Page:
SUBJECTS: Liberal Party donations.

KIM LANDERS: Labor is questioning whether a Sydney education group, with links to the Chinese Government, received preferential treatment after donating to the Liberal Party. 

TOP Education Institute is also a donor to the ALP - and has been in the spotlight after paying a travel bill for the New South Wales Labor Senator, Sam Dastyari.

Now Labor Senator Kim Carr says he's surprised the group was given access to the Government's streamlined visa program, when Labor had been given departmental advice against it when it was in office.

From Canberra, Peta Donald reports.

PETA DONALD: When Kim Carr was Higher Education Minister and Kevin Rudd was Prime Minister in 2013, they were lobbied by an ALP donor Dr Minshen Zhu from the TOP Education Institute closely linked to the Chinese Government.

Dr Zhu was keen to improve the institute’s poor immigration risk rating awarded by the Immigration Department.  He also wanted providers like his to be part of the streamlined visa processing system which at the time was only allowed for universities.

SENATOR KIM CARR:   I was concerned about the proposal and despite the fact that they had been significant contributors to the Labor Party; the case on my judgement was not able to be sustained by the advice of the Department.

DONALD: So what did you say? Did you just say no?

CARR: No. What we said to them was that we want to consider their case. I investigated their case and it wasn’t able to be stacked up given the circumstances. The Department of Immigration was advising me, and the Department of Education was advising me that there was a very, very high level of risk associated with the proposal.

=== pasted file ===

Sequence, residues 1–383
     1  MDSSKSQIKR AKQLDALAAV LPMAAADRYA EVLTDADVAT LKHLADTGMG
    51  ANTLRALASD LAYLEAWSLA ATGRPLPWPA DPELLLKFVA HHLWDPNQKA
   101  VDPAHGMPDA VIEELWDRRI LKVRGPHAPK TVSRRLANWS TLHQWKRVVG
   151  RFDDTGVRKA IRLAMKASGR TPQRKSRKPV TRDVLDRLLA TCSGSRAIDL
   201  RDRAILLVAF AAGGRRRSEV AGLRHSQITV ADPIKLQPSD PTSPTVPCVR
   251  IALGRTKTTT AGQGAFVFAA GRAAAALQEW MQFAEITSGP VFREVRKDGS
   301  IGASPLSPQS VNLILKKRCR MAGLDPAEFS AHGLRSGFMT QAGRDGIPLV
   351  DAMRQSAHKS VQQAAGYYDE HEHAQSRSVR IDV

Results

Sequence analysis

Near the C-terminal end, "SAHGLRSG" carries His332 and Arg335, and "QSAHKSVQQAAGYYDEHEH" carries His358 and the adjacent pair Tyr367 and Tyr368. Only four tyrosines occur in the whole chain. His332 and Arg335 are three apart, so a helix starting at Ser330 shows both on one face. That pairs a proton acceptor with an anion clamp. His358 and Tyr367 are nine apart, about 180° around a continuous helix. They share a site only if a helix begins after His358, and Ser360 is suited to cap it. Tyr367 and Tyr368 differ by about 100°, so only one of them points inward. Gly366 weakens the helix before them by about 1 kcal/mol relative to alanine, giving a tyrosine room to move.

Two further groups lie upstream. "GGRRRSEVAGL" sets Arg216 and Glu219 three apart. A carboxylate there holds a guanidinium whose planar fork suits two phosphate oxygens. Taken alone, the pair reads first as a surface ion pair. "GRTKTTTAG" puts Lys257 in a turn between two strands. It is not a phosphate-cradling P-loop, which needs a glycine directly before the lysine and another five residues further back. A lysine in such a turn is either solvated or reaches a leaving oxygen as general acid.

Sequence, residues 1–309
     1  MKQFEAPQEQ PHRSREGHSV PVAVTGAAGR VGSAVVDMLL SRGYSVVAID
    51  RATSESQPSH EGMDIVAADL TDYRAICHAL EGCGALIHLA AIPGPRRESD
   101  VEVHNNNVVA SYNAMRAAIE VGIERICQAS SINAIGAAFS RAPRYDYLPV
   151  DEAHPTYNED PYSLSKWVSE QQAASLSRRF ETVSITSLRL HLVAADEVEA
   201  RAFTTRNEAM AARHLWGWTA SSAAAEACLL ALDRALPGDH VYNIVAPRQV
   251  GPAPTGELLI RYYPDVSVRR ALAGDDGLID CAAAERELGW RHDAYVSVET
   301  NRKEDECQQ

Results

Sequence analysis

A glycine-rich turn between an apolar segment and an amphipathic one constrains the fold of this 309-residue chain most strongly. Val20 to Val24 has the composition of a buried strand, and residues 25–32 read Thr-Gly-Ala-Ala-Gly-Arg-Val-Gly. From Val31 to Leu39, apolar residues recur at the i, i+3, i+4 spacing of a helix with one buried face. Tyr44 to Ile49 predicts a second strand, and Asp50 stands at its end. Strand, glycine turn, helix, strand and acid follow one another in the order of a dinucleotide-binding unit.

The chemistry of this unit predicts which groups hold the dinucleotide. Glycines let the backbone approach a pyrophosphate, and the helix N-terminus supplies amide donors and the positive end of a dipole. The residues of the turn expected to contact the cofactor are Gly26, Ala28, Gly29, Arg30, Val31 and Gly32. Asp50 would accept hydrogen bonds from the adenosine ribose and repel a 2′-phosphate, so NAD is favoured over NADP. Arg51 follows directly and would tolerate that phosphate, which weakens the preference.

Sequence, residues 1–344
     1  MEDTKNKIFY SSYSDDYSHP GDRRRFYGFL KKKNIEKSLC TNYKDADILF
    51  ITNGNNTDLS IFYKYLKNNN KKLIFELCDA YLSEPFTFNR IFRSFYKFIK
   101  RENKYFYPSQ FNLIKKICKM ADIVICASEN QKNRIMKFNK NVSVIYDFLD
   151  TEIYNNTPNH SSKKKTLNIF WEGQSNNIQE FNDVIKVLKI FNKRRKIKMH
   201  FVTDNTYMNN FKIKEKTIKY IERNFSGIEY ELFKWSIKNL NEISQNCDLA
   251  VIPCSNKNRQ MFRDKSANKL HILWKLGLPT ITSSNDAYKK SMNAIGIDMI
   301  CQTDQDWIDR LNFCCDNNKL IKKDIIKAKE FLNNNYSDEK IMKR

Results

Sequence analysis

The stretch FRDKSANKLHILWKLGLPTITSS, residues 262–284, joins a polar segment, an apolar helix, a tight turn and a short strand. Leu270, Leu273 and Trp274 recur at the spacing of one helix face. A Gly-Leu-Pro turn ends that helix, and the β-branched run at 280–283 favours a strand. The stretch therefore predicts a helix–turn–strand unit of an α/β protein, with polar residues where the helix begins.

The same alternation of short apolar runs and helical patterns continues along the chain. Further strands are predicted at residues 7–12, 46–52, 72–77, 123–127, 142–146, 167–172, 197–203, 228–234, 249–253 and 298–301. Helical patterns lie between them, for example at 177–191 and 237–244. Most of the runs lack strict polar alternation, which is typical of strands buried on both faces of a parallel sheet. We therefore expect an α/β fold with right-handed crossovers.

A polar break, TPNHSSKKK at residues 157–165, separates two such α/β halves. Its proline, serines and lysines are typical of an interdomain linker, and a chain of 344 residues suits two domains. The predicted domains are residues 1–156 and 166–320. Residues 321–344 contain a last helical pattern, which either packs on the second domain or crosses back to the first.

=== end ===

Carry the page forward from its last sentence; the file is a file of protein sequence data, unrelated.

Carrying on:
DONALD: As well as donating to Labor, TOP Education has given tens of thousands of dollars to the Liberal Party. In the lead-up to the 2013 election, the Coalition promised to give private colleges like TOP access to streamlined visas, which, along with around 20 others, they went on to get.

CARR: I was very surprised, given the emphasis that the Liberal Party placed on border protection. It was remarkable that there was such a significant change in policy towards giving access to students from China and other places as part of this scheme.

It proves to me that there are some really serious questions to be asked here, given the way that the Liberals have been going about associations with companies linked to foreign governments. How has this policy change occurred?

DONALD: The former Higher Education Minister, Christopher Pyne, has angrily denied a link between the donations to the Liberal Party and the Coalition’s change of policy. He was questioned on Channel Nine.

PYNE: The only reason they would have been given streamlined visa processing is they, along with 20 or so other education businesses in Australia, met the requirements that the public service decided were required to allow them to have streamlined visa processing – nothing to do with the Liberal Party, or the Labor Party for that matter, or the Government. So trying to link the two is completely wrong.

DONALD: That was Industry Minister Christopher Pyne, ending Peter Donald’s report. TOP Education Institute was approached but declined to make any comment.


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